That's because even relatively common weather, like severe thunderstorms or high tide floods, can be extremely expensive. A damaged roof or waterlogged car costs thousands of dollars to fix or replace.

And, in most cases, insurance and government assistance are inadequate, the survey suggests. About 17% of those affected by extreme weather said they experienced serious financial problems, which potentially represents tens of millions of households across the country.

Most families end up paying for the costs of disasters themselves, the survey suggests. Among those who had serious property damage or financial problems after a disaster, more than 70% said they were either uninsured, or underinsured, meaning the money they got from their insurance company didn't cover most of the repair costs.

One reason may be that insurance is expensive. "This is an affordability question," says Roy Wright, the head of the Insurance Institute for Business and Home Safety and the former head of the federal government's National Flood Insurance Program. He points out that people who rent and people who don't have mortgages often forgo insurance because of the cost.

But even those who do have home or rental insurance often find themselves paying for the costs of repairs after a weather disaster, the survey found. About one-quarter of those who experienced major property damage or financial problems after a weather event said their insurance did not cover most or all of the bill.

That's what happened to Jennifer Harris and her family. Harris and her husband have three kids and live in coastal Hampton, Va., and she says their home has been damaged by storms twice in the past decade or so. Rising seas and a hotter atmosphere are contributing to more severe rainstorms and hurricanes in that part of the country, according to the National Climate Assessment.

For the Harris family, the costs have been huge. When a hurricane damaged the roof, the family found out that their home insurance policy required a gigantic out-of-pocket payment — 10% of the home's value — before the insurance would kick in. But they had no choice: They literally needed a roof over their heads. They drained their savings and asked relatives for help to make the repairs.

"It was horrible," Harris says. "I don't want to make it seem like we're poor, but, honestly, we do live paycheck to paycheck and it's hard to save up when something like that happens." She says it took them at least five years to recover financially.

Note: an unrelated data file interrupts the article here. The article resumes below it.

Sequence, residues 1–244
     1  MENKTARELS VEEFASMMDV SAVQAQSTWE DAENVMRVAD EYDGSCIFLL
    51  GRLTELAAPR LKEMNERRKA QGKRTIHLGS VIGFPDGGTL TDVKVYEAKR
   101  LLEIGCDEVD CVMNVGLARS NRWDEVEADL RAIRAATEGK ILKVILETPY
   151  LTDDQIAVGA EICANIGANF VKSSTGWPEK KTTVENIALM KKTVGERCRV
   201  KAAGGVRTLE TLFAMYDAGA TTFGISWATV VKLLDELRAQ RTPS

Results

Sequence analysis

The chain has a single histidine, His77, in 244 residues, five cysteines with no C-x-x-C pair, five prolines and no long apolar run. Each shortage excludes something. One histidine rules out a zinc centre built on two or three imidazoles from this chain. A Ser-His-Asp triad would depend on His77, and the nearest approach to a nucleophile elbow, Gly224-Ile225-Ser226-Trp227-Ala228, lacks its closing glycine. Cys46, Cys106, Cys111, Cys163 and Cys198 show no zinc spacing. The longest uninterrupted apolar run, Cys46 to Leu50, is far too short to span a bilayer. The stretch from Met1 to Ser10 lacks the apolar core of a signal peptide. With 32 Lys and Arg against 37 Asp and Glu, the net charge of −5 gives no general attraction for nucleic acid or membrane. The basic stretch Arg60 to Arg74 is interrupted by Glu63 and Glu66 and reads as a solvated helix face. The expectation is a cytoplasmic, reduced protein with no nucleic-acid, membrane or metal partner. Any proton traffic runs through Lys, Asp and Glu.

And the costs of a hotter climate don't stop there. When the Harris family bought their house, it was not officially located in a high-risk area for flooding. But as sea levels rise and heavy rain gets more common, more homes are in harm's way, including theirs.

Now, the Harris family is required to evacuate when a storm is bearing down — which means they will need gas for a long drive to stay with family or money for a hotel room. And the family is also required to buy expensive flood insurance. "It's just an extra financial hardship," Harris says. "We're on a budget."

Extreme weather is worst for people who are already marginalized

Around the world, climate change is most dangerous for people who are already marginalized. The new survey confirms that pattern and offers a snapshot of who is living on the front lines of global warming in the U.S.

Native Americans who experience extreme weather are much more likely to have long-lasting financial problems as a result, compared to other racial and ethnic groups, the survey found. Almost half of Native Americans who were affected by extreme weather in the last five years said their household faced serious financial problems as a result — more than four times the rate of white people.

Black people who experienced extreme weather experienced financial problems at three times the rate of white people. Respondents who identified as Latino faced financial problems after weather disasters at more than twice the rate of white people.

And across all racial and ethnic groups, households with income below $50,000 per year suffered weather-related financial problems at more than four times the rate of households who earn more than that amount.

Those results are backed up by research that finds, after a disaster, mortgage delinquency and debt grow and credit scores fall most in poorer neighborhoods and in communities of color, compared to neighborhoods where most people are wealthier or are white.

"Disasters can have the effect of widening existing inequalities," says Caroline Ratcliffe, one of the authors of a 2020 paper that looked at the financial effects over the four years after a weather disaster.

She says a storm, wildfire or flood doesn't need to be record-breaking to cause long-term financial problems, in part because those who experience medium-size disasters don't qualify for emergency federal relief money. "You can think of these medium-sized disasters a bit punching above their weight," she says.

That is backed up by the new survey, which finds most people who either suffered major damage to their home or who had serious financial problems from extreme weather did not receive money from the federal government.

Copyright 2022 NPR. To see more, visit https://www.npr.org.

Rebecca Hersher (she/her) is a reporter on NPR's Science Desk, where she reports on outbreaks, natural disasters, and environmental and health research. Since coming to NPR in 2011, she has covered the Ebola outbreak in West Africa, embedded with the Afghan army after the American combat mission ended, and reported on floods and hurricanes in the U.S. She's also reported on research about puppies. Before her work on the Science Desk, she was a producer for NPR's Weekend All Things Considered in Los Angeles.